Memories of Hawkey that made a great impression

Raymond Hawkey (DW 3 December 2001) is a welcome addition to the Heroes series. But I guess, largely due to the retiring nature of the man, few will have heard of him, but know his work.

I had the privilege of working with him at The Observer for two years from 1966. Starting on the colour magazine working with Tony Mullins and David Cripps, other unsung heroes, and then later with the combining of the creative department in both colour magazine and newspaper – resulting in Hawkey becoming overall creative guru.

In those days the studio was almost as much production as creative, and being the junior, soon became adept at many of the menial jobs, but we always shared the creative work.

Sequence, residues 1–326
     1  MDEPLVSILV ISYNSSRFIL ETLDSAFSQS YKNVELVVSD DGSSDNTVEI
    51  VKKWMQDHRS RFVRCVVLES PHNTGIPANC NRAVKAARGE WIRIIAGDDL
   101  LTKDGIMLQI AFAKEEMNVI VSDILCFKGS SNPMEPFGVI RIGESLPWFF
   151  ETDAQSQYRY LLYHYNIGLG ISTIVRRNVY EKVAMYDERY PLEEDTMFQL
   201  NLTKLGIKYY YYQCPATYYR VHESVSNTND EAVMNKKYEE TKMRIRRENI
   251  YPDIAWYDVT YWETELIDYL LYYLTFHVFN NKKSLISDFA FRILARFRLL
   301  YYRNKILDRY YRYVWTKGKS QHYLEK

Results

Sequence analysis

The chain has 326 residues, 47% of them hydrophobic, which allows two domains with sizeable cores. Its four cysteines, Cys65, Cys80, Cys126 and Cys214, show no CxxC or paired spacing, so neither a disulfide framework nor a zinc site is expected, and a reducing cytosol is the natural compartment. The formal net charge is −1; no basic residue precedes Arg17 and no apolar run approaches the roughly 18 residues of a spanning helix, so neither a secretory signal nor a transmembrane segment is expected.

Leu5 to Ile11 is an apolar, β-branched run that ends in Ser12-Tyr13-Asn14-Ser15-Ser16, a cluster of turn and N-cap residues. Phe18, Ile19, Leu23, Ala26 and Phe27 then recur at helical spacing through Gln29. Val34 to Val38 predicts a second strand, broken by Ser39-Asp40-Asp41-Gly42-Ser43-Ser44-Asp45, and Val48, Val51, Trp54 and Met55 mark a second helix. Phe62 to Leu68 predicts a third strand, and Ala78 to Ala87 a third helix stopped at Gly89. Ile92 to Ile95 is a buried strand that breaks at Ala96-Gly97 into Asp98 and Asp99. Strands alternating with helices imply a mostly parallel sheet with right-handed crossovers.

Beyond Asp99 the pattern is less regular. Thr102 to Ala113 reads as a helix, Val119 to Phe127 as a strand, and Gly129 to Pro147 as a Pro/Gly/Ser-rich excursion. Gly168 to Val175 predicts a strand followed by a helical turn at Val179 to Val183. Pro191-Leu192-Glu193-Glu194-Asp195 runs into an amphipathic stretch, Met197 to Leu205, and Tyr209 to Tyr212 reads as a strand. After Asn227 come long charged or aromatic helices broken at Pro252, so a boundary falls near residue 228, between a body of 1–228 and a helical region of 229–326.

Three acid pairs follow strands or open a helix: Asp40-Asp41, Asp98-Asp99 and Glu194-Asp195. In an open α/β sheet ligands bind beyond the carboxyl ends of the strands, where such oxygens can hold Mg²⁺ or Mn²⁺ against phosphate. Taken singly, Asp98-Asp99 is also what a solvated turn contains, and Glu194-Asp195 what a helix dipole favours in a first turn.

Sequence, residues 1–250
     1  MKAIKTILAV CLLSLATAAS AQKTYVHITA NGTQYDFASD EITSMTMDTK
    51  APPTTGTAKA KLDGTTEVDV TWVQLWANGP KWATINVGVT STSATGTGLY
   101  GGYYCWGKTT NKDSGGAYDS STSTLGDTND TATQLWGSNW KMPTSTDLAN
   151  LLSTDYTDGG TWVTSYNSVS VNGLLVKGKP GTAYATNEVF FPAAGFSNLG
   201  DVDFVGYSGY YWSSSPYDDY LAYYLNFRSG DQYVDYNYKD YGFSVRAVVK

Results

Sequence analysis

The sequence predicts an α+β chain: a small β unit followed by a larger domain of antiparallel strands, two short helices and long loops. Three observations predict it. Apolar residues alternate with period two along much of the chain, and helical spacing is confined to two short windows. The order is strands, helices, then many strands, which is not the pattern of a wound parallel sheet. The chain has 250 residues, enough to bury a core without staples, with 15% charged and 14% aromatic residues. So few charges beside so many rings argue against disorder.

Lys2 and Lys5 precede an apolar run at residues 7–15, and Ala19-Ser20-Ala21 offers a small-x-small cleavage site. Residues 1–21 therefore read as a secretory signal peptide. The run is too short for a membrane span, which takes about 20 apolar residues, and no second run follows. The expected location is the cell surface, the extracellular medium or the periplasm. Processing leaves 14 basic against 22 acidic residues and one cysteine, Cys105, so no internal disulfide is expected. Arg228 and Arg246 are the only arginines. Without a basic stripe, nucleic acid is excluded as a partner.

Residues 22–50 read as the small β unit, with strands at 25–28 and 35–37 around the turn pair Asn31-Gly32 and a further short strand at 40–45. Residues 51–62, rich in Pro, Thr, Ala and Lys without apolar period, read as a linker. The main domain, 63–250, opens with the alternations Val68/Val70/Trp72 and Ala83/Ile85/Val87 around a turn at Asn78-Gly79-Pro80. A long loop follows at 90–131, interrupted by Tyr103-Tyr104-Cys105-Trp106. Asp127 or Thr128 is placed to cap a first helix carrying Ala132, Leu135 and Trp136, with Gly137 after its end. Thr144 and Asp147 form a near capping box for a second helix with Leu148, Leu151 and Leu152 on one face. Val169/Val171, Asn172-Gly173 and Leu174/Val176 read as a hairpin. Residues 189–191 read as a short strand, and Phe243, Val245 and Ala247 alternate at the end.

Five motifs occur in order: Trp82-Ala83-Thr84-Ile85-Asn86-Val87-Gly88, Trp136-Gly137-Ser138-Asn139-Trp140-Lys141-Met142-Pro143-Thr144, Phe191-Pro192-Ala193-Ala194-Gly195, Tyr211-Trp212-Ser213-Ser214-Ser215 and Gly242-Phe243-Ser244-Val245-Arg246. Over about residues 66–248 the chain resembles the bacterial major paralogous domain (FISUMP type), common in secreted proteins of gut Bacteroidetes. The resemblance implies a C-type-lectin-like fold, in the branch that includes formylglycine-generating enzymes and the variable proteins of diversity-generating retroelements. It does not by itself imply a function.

Hawkey was the guiding hand, always encouraging, gently pushing creativity, keeping away from The Observer’s notorious drinking habits and handling a couple of projects at the same time.

My memory of him is on a Friday night, as we scurried to ‘put things to bed’, I had to deep-etch three black and white, ten by eight prints of furry animals. (In the pre-computer age, deep-etching was done manually with process white paint and a good brush.)

Hawkey comes into the studio and asks if everything is OK, and can he help? We all grunt, ‘It’s all fine, no thank you.’ On his way past me he notices that I’m on the first deep-etch of three. So he says: ‘Here, let me do one of those for you’. And he did, and it was the best of three’.

Jeremy Sampson

Managing director

Interbrand Sampson

Johannesburg, South Africa

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